3 hours ago
31 March 2015
Julavits decided to try keeping a diary again after a hiatus of many years, during which she credited her childhood diary as critical in forming her writing. When Julavits (the co-editor of The Believer) starts again, she does so self-consciously, stylishly, always with a subtext. Entries skip around throughout two years, during which Julavits and her family spend the summer in Maine (where she grew up), the winter in New York and brief spells in Europe for fellowships. At no time is the author unaware that what she is writing will be shared; in a way, she revels in it.
The experience of reading this book is like reading a blog, the juicy kind unafraid to share secrets or confess. (The best kind; most blogs, this one included, are too cautious these days.) Like reading an incautious blog the sense of identification with the author is probably out of proportion, but at the risk of danger, I did "feel like I knew" Julavits over the course of this book. Of course I knew she was playing with that form and its strategic self-revelations, just like in every blog (shock, shock, horror, horror). Yet the game was enjoyable.
One advantage to the diaristic memoir as a form is that it is allowed to skirt a very common criticism of memoirs these days -- that is, that they aren't eventful enough or describing important moments in life. That "nothing happens" in them. THE FOLDED CLOCK does not catch Julavits at a highly eventful time in her life, but then again, who knows what times in her life will turn out to be truly eventful at the outset? In a way, this form takes the pressure off.
Pop culture sidebar: In THE FOLDED CLOCK Julavits reveals herself to be a substantial "Bachelor"/"Bachelorette" fan (also a fan of antique shopping, swimming and gossip more generally). Since this upcoming season of "The Bachelorette" will be the first to co-star two women, clearly Julavits and Jennifer Weiner will have to co-live-tweet the season -- perhaps with commentary about how they are both New England summer-ers, maybe some mutual hand-wringing about the overburdened expectations placed on female protagonists these days.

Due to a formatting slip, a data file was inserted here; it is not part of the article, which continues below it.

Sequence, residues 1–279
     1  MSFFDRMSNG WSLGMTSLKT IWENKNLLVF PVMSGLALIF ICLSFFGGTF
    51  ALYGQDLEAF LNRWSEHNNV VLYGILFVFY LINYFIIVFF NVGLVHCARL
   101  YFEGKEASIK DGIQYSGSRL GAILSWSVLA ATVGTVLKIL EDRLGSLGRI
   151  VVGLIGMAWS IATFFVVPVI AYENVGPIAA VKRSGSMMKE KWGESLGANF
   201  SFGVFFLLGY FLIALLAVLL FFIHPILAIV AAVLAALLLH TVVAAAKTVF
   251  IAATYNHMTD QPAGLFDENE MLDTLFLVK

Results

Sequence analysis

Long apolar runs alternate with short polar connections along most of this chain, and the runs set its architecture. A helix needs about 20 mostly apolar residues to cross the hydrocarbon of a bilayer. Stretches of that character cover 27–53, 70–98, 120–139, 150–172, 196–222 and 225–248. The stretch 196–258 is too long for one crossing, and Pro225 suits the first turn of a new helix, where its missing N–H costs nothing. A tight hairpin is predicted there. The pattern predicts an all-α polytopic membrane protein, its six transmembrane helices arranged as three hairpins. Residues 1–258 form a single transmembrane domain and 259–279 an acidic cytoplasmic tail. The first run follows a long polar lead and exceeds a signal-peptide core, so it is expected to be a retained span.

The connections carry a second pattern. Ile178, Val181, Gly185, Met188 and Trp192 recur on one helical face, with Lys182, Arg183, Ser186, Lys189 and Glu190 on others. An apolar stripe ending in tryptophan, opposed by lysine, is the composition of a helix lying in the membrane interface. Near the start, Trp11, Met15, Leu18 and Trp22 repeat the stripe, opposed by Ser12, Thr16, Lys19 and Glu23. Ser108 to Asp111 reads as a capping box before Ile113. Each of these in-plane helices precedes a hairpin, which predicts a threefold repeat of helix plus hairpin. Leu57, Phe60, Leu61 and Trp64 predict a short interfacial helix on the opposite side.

30 March 2015
- I wish I had more confidently broadcast my picks at the beginning of the tourney because I could have called this one. I really had a feeling.
- (Unlike my March Madness bracket...)
- That said, today's Zombie Round review is a travesty and if the reviewer clearly disliked both books that much, perhaps he should have recused himself. (Nicole Cliffe's weighing of STATION ELEVEN vs A BRIEF HISTORY OF SEVEN KILLINGS was much more evenhanded, although since I haven't read the latter I'm not sure whether she was right.)
- My favorite essays in the series were from J. Courtney Sullivan and Tayari Jones. I thought the judging panel was extremely strong this year, today notwithstanding, and these were two great examples.
- I was sorry to see DEPT OF SPECULATION not go any further than the first round. Otherwise, I more or less agree with the first-round judgments made, although due to book availability I wasn't able to read through the whole tournament.
- Does anyone else wish The Morning News would do a similar nonfiction bracket in the fall? Just putting it out there. They could call it the Nonfiction World Series.
- Wait till everyone figures out Emily St John Mandel's backlist. There will be rejoicing throughout all the land (or, there should be).